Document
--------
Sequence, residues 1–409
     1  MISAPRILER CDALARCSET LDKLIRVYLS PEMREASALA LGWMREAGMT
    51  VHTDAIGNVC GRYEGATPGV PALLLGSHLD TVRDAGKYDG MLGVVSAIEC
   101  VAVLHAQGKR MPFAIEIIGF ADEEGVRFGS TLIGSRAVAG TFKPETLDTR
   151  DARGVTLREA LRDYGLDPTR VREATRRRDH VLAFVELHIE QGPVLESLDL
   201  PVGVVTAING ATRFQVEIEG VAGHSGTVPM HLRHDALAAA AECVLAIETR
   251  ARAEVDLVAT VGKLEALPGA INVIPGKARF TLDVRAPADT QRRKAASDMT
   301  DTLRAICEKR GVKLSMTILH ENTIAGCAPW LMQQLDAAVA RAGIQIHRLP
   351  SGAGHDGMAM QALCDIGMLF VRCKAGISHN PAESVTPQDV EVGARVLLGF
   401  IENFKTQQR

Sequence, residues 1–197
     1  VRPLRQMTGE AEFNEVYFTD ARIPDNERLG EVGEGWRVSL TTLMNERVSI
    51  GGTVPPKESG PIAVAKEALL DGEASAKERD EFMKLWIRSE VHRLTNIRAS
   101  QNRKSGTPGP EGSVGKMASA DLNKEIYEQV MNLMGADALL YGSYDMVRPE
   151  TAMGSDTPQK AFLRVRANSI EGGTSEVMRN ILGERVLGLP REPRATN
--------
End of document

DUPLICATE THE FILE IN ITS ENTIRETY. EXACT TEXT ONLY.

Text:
Sequence, residues 1–409
     1  MISAPRILER CDALARCSET LDKLIRVYLS PEMREASALA LGWMREAGMT
    51  VHTDAIGNVC GRYEGATPGV PALLLGSHLD TVRDAGKYDG MLGVVSAIEC
   101  VAVLHAQGKR MPFAIEIIGF ADEEGVRFGS TLIGSRAVAG TFKPETLDTR
   151  DARGVTLREA LRDYGLDPTR VREATRRRDH VLAFVELHIE QGPVLESLDL
   201  PVGVVTAING ATRFQVEIEG VAGHSGTVPM HLRHDALAAA AECVLAIETR
   251  ARAEVDLVAT VGKLEALPGA INVIPGKARF TLDVRAPADT QRRKAASDMT
   301  DTLRAICEKR GVKLSMTILH ENTIAGCAPW LMQQLDAAVA RAGIQIHRLP
   351  SGAGHDGMAM QALCDIGMLF VRCKAGISHN PAESVTPQDV EVGARVLLGF
   401  IENFKTQQR

Sequence, residues 1–197
     1  VRPLRQMTGE AEFNEVYFTD ARIPDNERLG EVGEGWRVSL TTLMNERVSI
    51  GGTVPPKESG PIAVAKEALL DGEASAKERD EFMKLWIRSE VHRLTNIRAS
   101  QNRKSGTPGP EGSVGKMASA DLNKEIYEQV MNLMGADALL YGSYDMVRPE
   151  TAMGSDTPQK AFLRVRANSI EGGTSEVMRN ILGERVLGLP REPRATN